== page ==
Thirty teams to compete at Southport Saturday
Historic Southport Fieldhouse will spring to life Saturday, but not because of any sporting event. Instead, the action will emanate from the seventh annual Cards and Goats Exhibition, which is a robotics competition among 30 high school teams from around the state.
Southport’s CyberCards and their head mentor, Mike Taylor, are pumped for the event, whose moniker comes from the nicknames of Southport and Warren Central’s digital team.
The robots are charged with stacking totes, placing recycling bins on the totes and depositing litter (pool noodles) in the bins while being maneuvered via remote control. The higher the stacks, the more points scored. Teams, including Perry Meridian and Center Grove, will compete in alliances during the qualification and elimination rounds before going head to head in the semifinals and finals.
Each team has four players: a driver, an operator, a coach and one who introduces elements to the playing field (tryouts were held for these positions). The 2 1/2-minute games are played on a court that measures 27 feet by 54 feet. An animated version of the game can be viewed at www.youtube.com/watch?v=W6UYFKNGHJ8.
The competition – known as Recycle Rush – is designed to introduce newcomers to FIRST (For Inspiration and Recognition of Science and Technology), whose goal is to develop ways to inspire students in engineering and technology fields. The organization operates a research facility in Manchester, N.H., where it holds educational programs and day camps for students and teachers.
There are an estimated 3,500 teams worldwide, with about 2,800 in North America.
Taylor, who teaches math and engineering, said the competition falls outside the normal robotics season, which runs from early January through April.
“We started building January 7 and had six weeks to understand the game and build the robot. It was just like the real world. ... It was impossible task, and we did not have enough money, time or resources. But we got the job done. We worked three nights a week after school and on Saturdays. It was the hardest fun these kids will ever have.”
Each school receives the same kit, with identical electronics and motors. Teams are allowed to make custom drive trains and can use certain components from old robots, but their are some restrictions. “We basically operate on the honor system,” said Taylor, who has high praise for the half-dozen engineers who serve as mentors to team.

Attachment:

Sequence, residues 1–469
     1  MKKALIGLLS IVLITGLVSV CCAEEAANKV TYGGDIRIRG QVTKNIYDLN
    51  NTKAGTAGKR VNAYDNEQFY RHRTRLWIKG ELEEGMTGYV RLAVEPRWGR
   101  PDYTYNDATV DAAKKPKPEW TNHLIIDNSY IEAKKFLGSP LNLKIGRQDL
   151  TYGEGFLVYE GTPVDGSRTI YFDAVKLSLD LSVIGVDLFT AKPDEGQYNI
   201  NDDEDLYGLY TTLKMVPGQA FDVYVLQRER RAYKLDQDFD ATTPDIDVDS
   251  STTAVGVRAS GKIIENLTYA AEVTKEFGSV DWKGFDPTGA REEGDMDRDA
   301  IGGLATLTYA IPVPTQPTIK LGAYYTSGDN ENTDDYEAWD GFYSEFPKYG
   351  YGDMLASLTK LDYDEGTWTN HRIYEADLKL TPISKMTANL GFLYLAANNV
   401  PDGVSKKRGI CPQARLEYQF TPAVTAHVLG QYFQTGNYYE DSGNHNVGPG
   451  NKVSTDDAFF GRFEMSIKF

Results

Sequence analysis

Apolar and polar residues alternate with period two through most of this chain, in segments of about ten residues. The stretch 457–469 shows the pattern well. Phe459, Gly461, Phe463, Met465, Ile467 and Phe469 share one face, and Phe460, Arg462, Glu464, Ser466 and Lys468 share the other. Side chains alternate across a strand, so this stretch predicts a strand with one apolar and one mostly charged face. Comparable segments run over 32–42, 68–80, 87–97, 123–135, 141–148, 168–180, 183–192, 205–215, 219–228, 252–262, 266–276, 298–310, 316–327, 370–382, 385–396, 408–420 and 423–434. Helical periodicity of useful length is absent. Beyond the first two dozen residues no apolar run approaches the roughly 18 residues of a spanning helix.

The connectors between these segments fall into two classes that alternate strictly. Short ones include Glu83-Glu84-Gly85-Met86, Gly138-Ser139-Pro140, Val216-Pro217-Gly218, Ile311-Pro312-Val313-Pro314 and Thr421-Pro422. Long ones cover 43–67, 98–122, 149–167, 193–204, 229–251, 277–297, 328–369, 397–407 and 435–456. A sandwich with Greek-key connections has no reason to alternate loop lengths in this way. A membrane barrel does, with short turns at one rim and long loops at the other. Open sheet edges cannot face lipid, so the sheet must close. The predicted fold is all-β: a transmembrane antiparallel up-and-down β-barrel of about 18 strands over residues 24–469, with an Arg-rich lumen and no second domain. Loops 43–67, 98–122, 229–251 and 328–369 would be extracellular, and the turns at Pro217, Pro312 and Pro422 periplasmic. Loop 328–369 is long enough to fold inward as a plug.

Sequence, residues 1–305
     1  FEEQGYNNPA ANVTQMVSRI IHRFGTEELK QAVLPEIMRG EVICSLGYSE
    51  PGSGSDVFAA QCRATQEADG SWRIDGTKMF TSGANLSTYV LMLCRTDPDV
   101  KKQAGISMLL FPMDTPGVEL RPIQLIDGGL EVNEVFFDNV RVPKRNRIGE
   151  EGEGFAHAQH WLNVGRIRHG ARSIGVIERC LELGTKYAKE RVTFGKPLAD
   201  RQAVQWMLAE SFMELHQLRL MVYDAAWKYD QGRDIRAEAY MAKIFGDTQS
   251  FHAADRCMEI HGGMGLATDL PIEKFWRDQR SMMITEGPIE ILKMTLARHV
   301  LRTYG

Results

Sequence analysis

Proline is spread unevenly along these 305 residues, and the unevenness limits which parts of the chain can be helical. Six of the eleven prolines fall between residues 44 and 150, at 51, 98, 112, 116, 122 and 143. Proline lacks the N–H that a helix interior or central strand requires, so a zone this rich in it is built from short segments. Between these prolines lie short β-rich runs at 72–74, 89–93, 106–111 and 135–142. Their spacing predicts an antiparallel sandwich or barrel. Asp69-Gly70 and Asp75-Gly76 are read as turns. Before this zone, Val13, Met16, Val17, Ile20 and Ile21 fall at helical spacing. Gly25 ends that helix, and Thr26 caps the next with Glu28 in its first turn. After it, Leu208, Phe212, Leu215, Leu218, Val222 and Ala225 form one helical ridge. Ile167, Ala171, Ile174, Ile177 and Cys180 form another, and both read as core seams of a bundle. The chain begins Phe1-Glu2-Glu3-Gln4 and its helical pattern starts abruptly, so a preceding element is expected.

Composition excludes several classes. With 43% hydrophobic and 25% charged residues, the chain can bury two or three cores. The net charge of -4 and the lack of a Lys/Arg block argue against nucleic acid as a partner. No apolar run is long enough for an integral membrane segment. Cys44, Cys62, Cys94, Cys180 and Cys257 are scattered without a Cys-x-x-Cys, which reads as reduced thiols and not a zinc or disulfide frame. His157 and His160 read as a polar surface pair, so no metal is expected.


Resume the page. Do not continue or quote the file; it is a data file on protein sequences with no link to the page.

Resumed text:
“It’s really cool; robotics make our engineers into rock stars, and they work side by side with the kids. There is a lot of really cool stuff going on.”
The students are responsible for designing the robot – affectionately known as Buttercup and powered by a 12-volt battery – so it can accomplish what the game requires. Aluminum, sheet metal, box tubing and chains are common components. The team designs all the parts and fabricate the ones it has the capability to; otherwise outside contractors are called upon.
Funding comes from corporate sponsorships.
Participants are laying the groundwork for promising career sin science, technology, engineering and match. “Every kid in this program will have the opportunity to go pro some day. They will use this knowledge for the rest of their lives and make good money at it. We help build resumes.” Taylor said.
In addition to the robotics competition, which gets underway at 8:45 a.m., there will be a silent auction, a food drive and food trucks. “We are asking everybody to bring items for the Ronald McDonald House. We have collected more than 40,000 items over the past eight years. We filled up a U-haul truck, an SUV and part of a bus last year,” he boasted.
Senior Lindsey Fraley is an enthusiastic member of CyberCards. “I like to build things,” she said. “I have gained so much confidence in myself from being on the team. We are just a big family. I feel real close to everyone.
“I previously wanted to pursue a law degree, but that sounds boring now. I am going to study mechanical engineering at IUPUI, and I plan on coming back to serve as a mentor here.”
If Fraley – one of 12 girls on the team, which was all male four years ago – returns, she won’t be the first former robotics junkie to do so. Several of Southport’s mentors were involved in the program at the high school level in other states.
“The hook sets deep,” Taylor said. “This shapes them into the person they become.”